I've been moderately happy with the Siemens S55 for this - it's small (enough to fit nicely on a sideways belt pouch, ie. in-line with the belt), 3-band, bluetooth. It's got the usual embarassing java midp implementation. It's over a year old now; I've had to firmware upgrade it a couple of times to fix bluetooth bugs, though it seems pretty stable now, works with the PowerBook (and t-mobile's unlimited GPRS) and couple of different bluetooth headsets. One flaw - the AT commands to select GPRS channel are longer than the stupid fixed-length field in the PocketPC 2003 dialer, so the iPaq can't get GPRS up without manual intervention.
The size was more important than many other features - I'd never have upgraded from the Nokia 8890 if it had supported bluetooth - a small phone isn't annoying to carry and is less likely to get dropped (I'm no less clumsy - but the more delicate looking 8890 survived much better than the Ericsson I888 before it, because I dropped it less and it didn't hit as hard when I did...)
Actually, there's no effective difference between T-Mobile's $19.99 Unlimited GPRS plan and their $4.99 Unlimited T-Zones plan. I had the T-Zones plan for a year on my Smartphone, and got full GPRS web, email, IM, and VPN access. They know about this, and several coworkers and friends have the same plan and access.
So you can get all-you-can-eat GPRS for $4.99 a month. You can't beat that with a stick. That's why I always recommend T-Mobile to anyone looking for a wireless data device (Smartphone, Pocket PC Phone Edition, or to use as a modem).
And Jeremy, if you just want a simple phone with Bluetooth and GPRS (and a camera), get an SE T610 from last year. But there are new, powerful, exciting devices out there (Smartphones, Treos, Blackberry 7100t) that offer many of the things you need, and a whole lot more. Don't dismiss them out of hand! :-)
Editor - www.tinyscreenfuls.com
I would just echo the same recommendation from above: I have the Sony Ericsson T610 and T-Mobile with unlimited GPRS. My only complaints have been with the T610 itself: the CPU is underpowered, and it doesn't have much memory. That means you can't expect to use the phone to make calls much while using the GPRS... it just can't do it. If you plan to use that feature a lot, a more powerful phone is in order. Oh, one other complaint: The T610 does not have a "Mute" button, so you can't e.g. just listen in on a conference call with the phone on mute so they don't hear you eating pringes, driving, getting hit by a car, etc.
I've been very happy with the service/coverage overall and have no complaints there. I've used it basically all around the world and the rates are quite competitive IMHO. Basically, roaming in any first-world country will cost $0.99 per minute, and other countries vary up to $4.99. International calling from the USA is not bad at all, with many countries in the $0.29 range.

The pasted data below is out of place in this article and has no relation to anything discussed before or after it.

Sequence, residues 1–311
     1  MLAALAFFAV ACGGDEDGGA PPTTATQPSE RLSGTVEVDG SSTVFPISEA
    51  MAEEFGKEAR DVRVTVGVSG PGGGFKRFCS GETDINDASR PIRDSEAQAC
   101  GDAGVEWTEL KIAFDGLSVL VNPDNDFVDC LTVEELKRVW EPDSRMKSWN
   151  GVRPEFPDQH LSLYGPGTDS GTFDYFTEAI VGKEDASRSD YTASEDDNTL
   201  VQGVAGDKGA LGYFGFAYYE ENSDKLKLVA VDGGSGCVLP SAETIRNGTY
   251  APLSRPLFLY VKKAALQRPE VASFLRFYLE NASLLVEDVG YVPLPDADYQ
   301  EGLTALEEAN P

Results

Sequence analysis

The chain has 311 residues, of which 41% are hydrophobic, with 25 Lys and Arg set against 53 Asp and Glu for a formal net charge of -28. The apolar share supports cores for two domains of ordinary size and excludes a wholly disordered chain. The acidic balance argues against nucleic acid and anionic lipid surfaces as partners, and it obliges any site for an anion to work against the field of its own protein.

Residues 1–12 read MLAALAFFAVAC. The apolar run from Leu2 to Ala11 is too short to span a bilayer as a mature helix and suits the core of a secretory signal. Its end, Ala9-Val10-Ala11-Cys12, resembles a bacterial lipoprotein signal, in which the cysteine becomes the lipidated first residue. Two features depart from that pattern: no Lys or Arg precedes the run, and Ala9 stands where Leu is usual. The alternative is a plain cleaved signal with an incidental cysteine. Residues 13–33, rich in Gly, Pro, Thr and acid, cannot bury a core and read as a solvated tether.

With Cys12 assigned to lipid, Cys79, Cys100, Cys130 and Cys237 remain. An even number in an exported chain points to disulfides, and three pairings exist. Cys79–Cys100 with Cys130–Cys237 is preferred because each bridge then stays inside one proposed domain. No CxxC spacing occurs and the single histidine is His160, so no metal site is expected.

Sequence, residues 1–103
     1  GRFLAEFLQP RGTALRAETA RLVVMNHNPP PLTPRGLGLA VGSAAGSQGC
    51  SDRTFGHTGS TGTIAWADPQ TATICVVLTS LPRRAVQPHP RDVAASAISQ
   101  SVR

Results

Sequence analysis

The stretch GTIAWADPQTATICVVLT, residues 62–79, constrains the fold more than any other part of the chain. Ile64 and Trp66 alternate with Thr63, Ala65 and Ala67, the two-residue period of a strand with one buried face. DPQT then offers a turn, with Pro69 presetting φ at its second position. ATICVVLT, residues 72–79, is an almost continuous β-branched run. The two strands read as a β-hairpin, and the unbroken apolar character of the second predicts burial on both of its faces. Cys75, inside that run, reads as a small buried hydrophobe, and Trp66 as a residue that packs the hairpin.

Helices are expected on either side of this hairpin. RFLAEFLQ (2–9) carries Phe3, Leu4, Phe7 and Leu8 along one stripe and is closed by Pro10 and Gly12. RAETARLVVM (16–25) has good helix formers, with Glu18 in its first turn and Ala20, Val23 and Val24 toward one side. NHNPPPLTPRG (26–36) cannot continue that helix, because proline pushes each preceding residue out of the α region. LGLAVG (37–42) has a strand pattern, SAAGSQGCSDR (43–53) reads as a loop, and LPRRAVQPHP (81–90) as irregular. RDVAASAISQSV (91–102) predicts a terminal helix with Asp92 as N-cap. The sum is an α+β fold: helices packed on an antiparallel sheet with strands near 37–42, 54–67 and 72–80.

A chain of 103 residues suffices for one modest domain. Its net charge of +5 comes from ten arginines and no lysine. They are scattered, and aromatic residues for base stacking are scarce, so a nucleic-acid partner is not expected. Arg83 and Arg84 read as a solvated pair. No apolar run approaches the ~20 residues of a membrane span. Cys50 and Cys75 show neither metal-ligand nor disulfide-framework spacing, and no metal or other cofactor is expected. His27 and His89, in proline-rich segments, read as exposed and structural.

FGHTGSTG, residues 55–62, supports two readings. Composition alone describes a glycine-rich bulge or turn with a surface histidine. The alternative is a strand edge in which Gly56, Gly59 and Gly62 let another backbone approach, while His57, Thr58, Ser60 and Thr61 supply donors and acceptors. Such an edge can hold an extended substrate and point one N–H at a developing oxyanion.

I've also used the GPRS through my Palm via IR with no problems (anything that can see it as a modem and supports PPP can dial up by sending "ATDT *99***3#" and initiating a PPP session) ;)
Jeremy, so we visit this issue again, eh? I thought you were settled on Verizon's *excellent* package (note the sarcasm). I think what you are looking for is AT&T Wireless' mMode service. Using the GSM network, it acts as a quick navigation system for finding stuff. Even when I dial 411, the operator is able to assist me with directions.
And yes, I use my SonyEricsson T610 for bluetooth internet access with my Powerbook.
I just picked up a Nokia 6820 from ATT Wireless with their unlimited data plan also. (Ends up being around $70/mo for 450 minutes and unlimited data - I only use about 150 minutes per month on average)
Downsides: small screen, no iSync, laptop data usage not included in "unlimited data" plan (Unlimited referes only to usage on your device. Connection to another device or computer via cable, Bluetooth, or infared will be charged $.001 per KB.)
Upsides: Free SSH Client (xk72.com), full keyboard, camera + video, ATT Wireless EDGE network (2x as fast as GPRS at least), better coverage in Massachusetts than T-Mobile
I've got 30 days to play with it and decide whether or not I actually want to keep the phone and service. If I don't like it, I'll probably go to T-Mobile and get the Blackberry 7100t.
I agree wholeheartedly with Tim - a compaq laptop that I scored a year ago on ebay is another appendage, as vital as an arm or leg, handling all of my mobile data and connectivity needs nicely. PDAs are unwieldy - there's the nature of their software, and there's that little screen, but mostly there's the entry mechanism - my brain thins along the tapwise rythym of QWERTY, not in the looping oops-idy of a stylus-based system.
I've been dreaming of one of those cell phone PCMCIA cards, but the approaching-ubiquity of wifi in california cities is dampening that... already I have connection at work, in my apartment complex, at my favorite coffee shops, and at in my favorite park.
Hi there. I was just wondering how i could download bluetooth on to my new phone which i purchased recently. It's the nokia 7360. I would be greatful if anyone would kindly tell me how i could get bluetooth on this amazing phone!? Thanks.